As I type this, feeling close to tears, not one single minister has been willing to publicly defend – or even describe – the government’s position on that party. Why? Because it is indefensible. No nuance, no shade. As black and white as life and death itself. If any elected representative was present at such a tawdry party, they should resign. They know it; we know it. Only the grubbiest travesty of “public service” would prevent them from doing the right thing. Although I note that as of this afternoon, Boris Johnson and his ministers were continuing to insist that no such party had taken place.
“The top priority is making sure lives are saved,” Matt Hancock (ever one to make personal capital from a global pandemic) said on the morning news. Speaking to ITV’s Good Morning Britain, Hancock said he couldn’t possibly comment on the apparent rule-breaking because he had been rather busy at the time saving lives. Sorrywhatpardon? Yes – yes – this is the same Matt Hancock who saw fit to kiss his aide Gina Coladangelo in the middle of the afternoon in the Department of Health when he was meant to be focusing on pandemic management. It’s enough to make a doctor such as myself retch.
So let me remind you what we were doing in the NHS while members of the Downing Street elite seemingly took part in the revelry, or now refuse to condemn the revelry of others. On 18 December, there was palpable desperation in hospital corridors. We were smack in the middle of the most godawful rerun of Covid’s first wave. I use the word godawful deliberately. Pandemic casualties were flooding wards and ICUs. Patients suffocated as we scrambled to find iPads to connect them to their families. Some died because we had to ration ventilators. It was field medicine of the most brutal kind.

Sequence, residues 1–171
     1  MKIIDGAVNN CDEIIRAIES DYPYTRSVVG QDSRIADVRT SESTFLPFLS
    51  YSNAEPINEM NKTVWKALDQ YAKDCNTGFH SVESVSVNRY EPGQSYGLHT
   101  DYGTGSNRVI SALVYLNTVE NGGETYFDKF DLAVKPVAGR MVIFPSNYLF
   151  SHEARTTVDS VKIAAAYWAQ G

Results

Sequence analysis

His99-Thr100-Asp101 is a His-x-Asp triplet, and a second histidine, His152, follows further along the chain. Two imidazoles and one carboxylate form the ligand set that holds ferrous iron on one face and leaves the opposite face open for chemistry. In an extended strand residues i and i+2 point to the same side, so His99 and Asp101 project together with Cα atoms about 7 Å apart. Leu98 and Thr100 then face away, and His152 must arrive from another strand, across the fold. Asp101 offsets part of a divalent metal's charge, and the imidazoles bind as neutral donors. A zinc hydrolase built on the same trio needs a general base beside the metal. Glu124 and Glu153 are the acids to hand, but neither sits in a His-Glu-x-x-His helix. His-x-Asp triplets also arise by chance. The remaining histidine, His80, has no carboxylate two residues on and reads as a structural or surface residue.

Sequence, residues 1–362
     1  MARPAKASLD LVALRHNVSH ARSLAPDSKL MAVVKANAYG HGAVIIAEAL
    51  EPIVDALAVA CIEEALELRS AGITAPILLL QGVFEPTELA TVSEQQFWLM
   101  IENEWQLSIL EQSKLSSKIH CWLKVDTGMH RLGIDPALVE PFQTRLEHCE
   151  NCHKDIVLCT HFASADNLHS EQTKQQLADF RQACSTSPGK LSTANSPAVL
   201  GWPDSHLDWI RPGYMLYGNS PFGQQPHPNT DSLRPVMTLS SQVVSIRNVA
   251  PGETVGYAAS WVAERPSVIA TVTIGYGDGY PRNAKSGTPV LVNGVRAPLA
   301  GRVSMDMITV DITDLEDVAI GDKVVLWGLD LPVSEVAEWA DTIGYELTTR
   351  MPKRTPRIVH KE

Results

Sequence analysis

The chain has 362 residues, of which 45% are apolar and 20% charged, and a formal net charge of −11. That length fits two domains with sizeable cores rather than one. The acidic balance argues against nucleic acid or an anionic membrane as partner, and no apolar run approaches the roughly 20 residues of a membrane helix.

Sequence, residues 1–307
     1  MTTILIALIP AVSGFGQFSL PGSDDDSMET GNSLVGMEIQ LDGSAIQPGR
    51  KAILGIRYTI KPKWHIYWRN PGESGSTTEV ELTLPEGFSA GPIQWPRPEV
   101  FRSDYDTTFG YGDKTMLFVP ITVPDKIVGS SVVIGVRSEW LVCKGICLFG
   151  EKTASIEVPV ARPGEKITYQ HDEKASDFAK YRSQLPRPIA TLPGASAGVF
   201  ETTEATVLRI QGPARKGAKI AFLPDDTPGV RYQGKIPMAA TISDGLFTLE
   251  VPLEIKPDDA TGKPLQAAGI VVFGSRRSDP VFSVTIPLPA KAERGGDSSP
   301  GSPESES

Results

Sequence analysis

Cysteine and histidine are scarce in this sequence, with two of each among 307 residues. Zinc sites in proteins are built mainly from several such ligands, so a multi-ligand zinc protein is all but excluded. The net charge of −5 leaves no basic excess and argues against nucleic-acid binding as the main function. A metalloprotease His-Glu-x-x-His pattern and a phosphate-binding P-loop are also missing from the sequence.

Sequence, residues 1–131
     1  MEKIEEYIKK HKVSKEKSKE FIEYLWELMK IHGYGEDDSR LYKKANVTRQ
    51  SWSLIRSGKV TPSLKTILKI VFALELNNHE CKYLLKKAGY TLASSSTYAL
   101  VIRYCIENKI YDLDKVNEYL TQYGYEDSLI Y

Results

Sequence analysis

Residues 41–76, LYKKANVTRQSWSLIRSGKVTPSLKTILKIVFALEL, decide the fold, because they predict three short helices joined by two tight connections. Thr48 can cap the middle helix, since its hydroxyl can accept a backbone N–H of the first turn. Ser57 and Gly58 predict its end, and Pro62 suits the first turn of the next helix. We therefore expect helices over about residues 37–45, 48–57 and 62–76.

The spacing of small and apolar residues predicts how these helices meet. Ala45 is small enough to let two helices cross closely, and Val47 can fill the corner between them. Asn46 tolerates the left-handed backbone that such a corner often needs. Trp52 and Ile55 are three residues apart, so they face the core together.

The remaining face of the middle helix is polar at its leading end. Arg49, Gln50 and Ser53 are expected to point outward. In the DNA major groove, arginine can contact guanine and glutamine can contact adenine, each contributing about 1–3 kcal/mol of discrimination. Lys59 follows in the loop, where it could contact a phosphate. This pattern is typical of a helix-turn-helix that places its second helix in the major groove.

On 18 December, then, as we are told that members of government and advisers nibbled cheese and quaffed champers, my colleagues and I were palliating the symptoms of those too frail and weak to stand a chance of surviving Covid: older people, often, or those who were immunosuppressed. You know, those “expendable” members of the herd. Frequently, all we could do was give morphine to take away the terror of fighting for air. There is no sensation more frightening than being unable to breathe.
It was godawful in part because we had been here before. While Downing Street apparently partied, we were witnessing this horror for a second time. Rather than listen to his scientific advisers, who had long warned of the need for winter restrictions, Boris Johnson couldn’t resist the cheap populism of being the man who “saved” Christmas – a pound-shop messiah who placed self-promotion above saving lives. I remember thinking at the time: how monstrously cavalier. On 18 December, the Covid death toll stood at 68,442. By 19 February, it had reached 121,867. More than 50,000 deaths from Covid in two months alone – the unspeakable price of a vanity government.
But the most heartbreaking aspect of all this was also paradoxically positive. Every day I witnessed the staggering grace and dignity of the British public. The selflessness of loved ones who willingly obeyed the rules, though it cost them everything. Who didn’t visit their wives, husbands or parents in hospital. Who chose to stay at home so as not to imperil others. Who missed the chance to say goodbye. Who joined funerals by Zoom, then grieved in isolation.
On one occasion, I had to beg, beseech and grovel to my seniors to persuade them to permit a teenage boy to join his mother in saying goodbye to his father, while he died on my watch from Covid. Can you imagine that? A disease so deadly – and spreading so freely – it forced hospitals to impose such draconian restrictions? On that occasion, I was allowed to admit both the boy and his mother. They were granted an hour at the bedside of the dying man they adored. But how many others were not?
The truth is that, though Johnson has chortled and wisecracked his way through this pandemic, the public has always known that personal sacrifice is an act of radical kindness, and that individual forbearance saves lives. We have restrained ourselves willingly because, quite simply, we care about each other. In contrast, if what we have heard of this government’s partying, joking, complacency and rule-breaking is true, it sticks two fingers up to basic human decency. They should hang their heads in shame.
Rachel Clarke is a palliative care doctor and the author of Breathtaking: Inside the NHS in a Time of Pandemic.